REYKJAVIK, Iceland: The International Association of Political Consultants (IAPC) had its 50th world conference in the country made of ice and fire, with the theme “Political Volcano: Democracy at Risk.” The IAPC is the “worldwide organization for those involved in consulting to political parties, politicians and governments around the globe.” The IAPC meets annually to share best practices, offer support and develop democracy.
I was invited by Rick Ridder, a past president of IAPC, to be part of one of the discussion panels of the conference. Ridder, a former presidential campaign manager and senior consultant for five presidential campaigns, is the president and co-founder of RBI Strategies and Research (RBI). In his more than 25 years with RBI, Rick has consulted for numerous US congressional, gubernatorial, state and local campaigns. Internationally, he has worked in 20 countries, including the successful campaigns of four heads of state.
The three featured panels were—Political Volcano: Democracy at Risk; Weaponized Web and Fake News. I was in the first panel with Jeffrey Edmonds and was asked to respond to a key question: Are modern populist movements a threat to democracy, or merely a new expression of democratic ideals in action? For the weaponized web session, the panel was made up of Hillary Clinton’s former campaign manager Robby Mook, Brent Blackab, and Tex Dozier. They examined the weaponized web in political campaigns, national security, and international relations, and its potential impact on global democracy. The panel on fake news had two very interesting individuals focusing on slanted, specious, or just plain trumped-up spurious stories that abounded in the 2016 US presidential race. Indeed, the proliferation of “fake news” has coincided with unprecedented attacks on the legitimacy of traditional news sources not only in the US but worldwide and these have affected campaigns. Mike Dubke, a former White House communications director under Donald Trump, and IAPC member Ekaterina Egorova, a Russian, spoke on the real impact of “fake news”.
I presented Duterte’s campaign narrative from 24 percent to 33 percent in 90 days that covered the late filing via substitution, the listening tour on federalism and being anti-establishment, an outlier (from Mindanao) and outsider from the political and economic elites of the country. Duterte showed disdain for formalities and luxury. I talked about Manila-centric politics and pointed out that the Philippines was not made of Metro Manila only. I referred to the strategy of being from Mindanao and what it meant in terms of national politics and how Duterte harnessed public anger and frustration. But I also talked about his 22-year track record as mayor of Davao City, the country’s biggest city and his various achievements there: most child friendly (1998 and 2015); most livable city (2003); best peace and order council (1999-2002); one of the Top 20 mostly livable cities in Asia (1996-1999). I referred to Duterte’s three battles: anti-criminality, anti-illegal drugs and anti-corruption. And that for him, the investors will come and the economy will take care of itself if these three battles are won. Proof of concept was Davao City. That he remained authentic and stayed on message cornering support from the collective underdogs of Philippine society. Duterte was their champion and since he was not one of the elite, he made it a battle of the underprivileged. I also talked about social media as a way of creating a beachhead in terms of building top-of-mind as well as the interplay of traditional and new media. I recalled how the Philippine flag became a visual tool of the campaign, to drive home his single overarching message—love of country.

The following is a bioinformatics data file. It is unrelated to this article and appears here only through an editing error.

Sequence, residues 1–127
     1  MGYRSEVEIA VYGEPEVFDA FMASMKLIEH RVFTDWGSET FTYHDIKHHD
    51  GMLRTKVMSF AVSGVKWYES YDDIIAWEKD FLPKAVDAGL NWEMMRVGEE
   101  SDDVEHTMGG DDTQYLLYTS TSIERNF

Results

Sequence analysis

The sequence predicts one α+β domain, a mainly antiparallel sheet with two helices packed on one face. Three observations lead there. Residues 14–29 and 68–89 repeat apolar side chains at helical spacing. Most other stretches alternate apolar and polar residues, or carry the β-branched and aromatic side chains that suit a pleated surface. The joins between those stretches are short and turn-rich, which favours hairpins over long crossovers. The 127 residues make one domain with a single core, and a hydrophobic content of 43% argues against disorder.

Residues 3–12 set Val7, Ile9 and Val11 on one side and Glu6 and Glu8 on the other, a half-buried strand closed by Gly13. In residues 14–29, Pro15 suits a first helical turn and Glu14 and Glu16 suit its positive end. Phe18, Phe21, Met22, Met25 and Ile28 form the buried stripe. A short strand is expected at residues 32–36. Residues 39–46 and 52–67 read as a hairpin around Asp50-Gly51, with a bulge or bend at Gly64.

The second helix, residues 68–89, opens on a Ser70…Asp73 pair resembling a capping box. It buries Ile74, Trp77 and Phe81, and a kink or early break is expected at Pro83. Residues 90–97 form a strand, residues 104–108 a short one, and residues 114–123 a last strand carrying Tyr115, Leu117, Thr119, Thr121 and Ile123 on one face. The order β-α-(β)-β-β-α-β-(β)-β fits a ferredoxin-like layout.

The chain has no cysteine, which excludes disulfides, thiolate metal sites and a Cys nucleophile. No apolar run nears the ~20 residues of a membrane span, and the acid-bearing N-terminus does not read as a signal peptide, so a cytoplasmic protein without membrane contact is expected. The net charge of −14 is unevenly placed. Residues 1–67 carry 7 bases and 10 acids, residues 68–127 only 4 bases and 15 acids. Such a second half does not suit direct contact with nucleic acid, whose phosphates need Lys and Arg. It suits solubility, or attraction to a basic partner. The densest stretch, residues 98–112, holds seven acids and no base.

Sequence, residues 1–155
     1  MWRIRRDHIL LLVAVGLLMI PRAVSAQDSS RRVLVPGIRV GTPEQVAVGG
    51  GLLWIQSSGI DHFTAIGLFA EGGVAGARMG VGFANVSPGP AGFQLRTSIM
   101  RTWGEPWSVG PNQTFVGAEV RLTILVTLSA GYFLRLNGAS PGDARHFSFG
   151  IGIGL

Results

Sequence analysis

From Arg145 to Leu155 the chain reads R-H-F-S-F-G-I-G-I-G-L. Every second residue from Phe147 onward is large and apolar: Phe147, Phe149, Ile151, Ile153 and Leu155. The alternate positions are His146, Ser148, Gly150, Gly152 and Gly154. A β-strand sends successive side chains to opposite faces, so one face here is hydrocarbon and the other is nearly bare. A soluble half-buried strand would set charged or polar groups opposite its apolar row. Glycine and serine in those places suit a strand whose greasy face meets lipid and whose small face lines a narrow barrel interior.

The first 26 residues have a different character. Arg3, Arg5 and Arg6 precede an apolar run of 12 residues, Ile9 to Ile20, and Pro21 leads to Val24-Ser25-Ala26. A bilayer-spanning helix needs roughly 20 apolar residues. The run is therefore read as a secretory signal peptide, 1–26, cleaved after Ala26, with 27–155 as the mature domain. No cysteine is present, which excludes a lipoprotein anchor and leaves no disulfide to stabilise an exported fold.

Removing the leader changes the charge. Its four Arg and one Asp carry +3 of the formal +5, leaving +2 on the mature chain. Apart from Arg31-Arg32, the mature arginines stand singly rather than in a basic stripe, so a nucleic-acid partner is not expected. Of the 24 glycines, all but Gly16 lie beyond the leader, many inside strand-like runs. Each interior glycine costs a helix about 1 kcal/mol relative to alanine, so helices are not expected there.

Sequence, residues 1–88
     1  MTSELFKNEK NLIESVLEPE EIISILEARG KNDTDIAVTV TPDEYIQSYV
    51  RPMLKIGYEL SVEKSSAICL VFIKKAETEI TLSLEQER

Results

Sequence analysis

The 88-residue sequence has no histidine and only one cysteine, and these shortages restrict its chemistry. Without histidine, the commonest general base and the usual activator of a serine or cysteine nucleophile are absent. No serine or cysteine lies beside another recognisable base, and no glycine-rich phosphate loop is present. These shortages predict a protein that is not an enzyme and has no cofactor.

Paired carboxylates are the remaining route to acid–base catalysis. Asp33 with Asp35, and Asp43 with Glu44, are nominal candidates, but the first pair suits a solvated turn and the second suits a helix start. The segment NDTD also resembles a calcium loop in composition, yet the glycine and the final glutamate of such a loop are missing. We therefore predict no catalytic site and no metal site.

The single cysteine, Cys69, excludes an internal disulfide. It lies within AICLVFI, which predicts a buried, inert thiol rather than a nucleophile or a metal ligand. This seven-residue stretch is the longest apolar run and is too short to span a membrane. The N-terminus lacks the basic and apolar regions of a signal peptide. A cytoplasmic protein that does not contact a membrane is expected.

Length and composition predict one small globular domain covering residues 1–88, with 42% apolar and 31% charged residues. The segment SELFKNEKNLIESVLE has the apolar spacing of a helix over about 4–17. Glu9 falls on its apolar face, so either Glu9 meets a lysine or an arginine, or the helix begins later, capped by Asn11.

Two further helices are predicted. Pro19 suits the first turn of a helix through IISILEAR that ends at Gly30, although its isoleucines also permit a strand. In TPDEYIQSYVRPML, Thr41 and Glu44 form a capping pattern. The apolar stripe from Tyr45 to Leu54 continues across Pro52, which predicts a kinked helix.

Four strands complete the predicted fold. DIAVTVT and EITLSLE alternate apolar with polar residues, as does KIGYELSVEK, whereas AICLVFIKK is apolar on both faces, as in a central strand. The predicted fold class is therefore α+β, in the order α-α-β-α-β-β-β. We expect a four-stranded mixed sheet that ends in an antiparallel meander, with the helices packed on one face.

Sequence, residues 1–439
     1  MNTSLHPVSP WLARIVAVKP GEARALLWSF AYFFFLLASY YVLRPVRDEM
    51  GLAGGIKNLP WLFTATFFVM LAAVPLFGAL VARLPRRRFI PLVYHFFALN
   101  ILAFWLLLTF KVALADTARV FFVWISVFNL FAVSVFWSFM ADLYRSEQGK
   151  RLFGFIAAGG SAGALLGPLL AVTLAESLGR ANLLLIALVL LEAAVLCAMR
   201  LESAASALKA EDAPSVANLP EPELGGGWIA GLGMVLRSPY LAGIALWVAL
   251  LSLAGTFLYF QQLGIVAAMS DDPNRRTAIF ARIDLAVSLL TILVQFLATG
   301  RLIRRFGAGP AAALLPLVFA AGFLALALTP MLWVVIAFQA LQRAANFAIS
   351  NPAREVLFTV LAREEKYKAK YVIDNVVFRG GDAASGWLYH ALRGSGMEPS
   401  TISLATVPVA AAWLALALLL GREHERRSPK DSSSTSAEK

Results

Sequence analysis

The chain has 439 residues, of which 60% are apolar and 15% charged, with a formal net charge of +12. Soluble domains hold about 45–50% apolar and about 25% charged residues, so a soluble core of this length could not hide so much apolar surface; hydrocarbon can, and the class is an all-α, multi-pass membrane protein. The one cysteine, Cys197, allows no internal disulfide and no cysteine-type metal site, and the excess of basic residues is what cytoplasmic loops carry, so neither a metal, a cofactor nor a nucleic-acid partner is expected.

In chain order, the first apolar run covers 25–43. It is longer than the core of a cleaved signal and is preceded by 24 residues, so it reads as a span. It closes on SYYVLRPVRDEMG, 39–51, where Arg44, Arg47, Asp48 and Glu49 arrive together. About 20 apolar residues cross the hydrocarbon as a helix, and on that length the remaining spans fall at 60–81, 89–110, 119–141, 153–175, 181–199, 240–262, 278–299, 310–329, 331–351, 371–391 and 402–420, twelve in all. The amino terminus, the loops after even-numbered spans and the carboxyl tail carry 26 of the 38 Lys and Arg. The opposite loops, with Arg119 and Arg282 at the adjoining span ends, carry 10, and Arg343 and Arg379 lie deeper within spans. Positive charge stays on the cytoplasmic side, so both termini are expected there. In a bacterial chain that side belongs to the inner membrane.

My response to the main question of the conference: “Yes, Duterte is a political volcano, figuratively and literally. But no, democracy is not at risk in the Philippines. Thirty years after Martial Law, we face the same issues: poverty at 26 percent, a country controlled by 40 families, an illegal drug menace that only now is being accepted and confronted, and an infrastructure deficit that accounts for the Philippines’ low ranking in Asean. Duterte has been framed by Western media and governments as a risk but the game changer remains resolute in building a new Philippines. Diplomatically, he has done what no leader before him has done. He remains a strong voice for Asia and Asean. A quad pivot towards Japan, China, Russia and the US. He is a nationalist, not a populist. Duterte is a Filipino leader who has shown that love of country is the highest virtue than that of the presidency.”
Explaining the Philippines today and Duterte before various nationalities who are experts in the field of political campaigns in just 10 minutes was daunting. No “EJK question” was presented, but I referred to it anyway, explaining that it is an issue of sovereignty and that there is no state- sponsored killings as painted by some. The response was heartwarming.
As Olaf Eliasson said: “I’ve walked a lot in the mountains in Iceland. And as you come to a new valley, as you come to a new landscape, you have a certain view. If you stand still, the landscape doesn’t necessarily tell you how big it is. It doesn’t really tell you what you’re looking at. The moment you start to move the mountain starts to move.”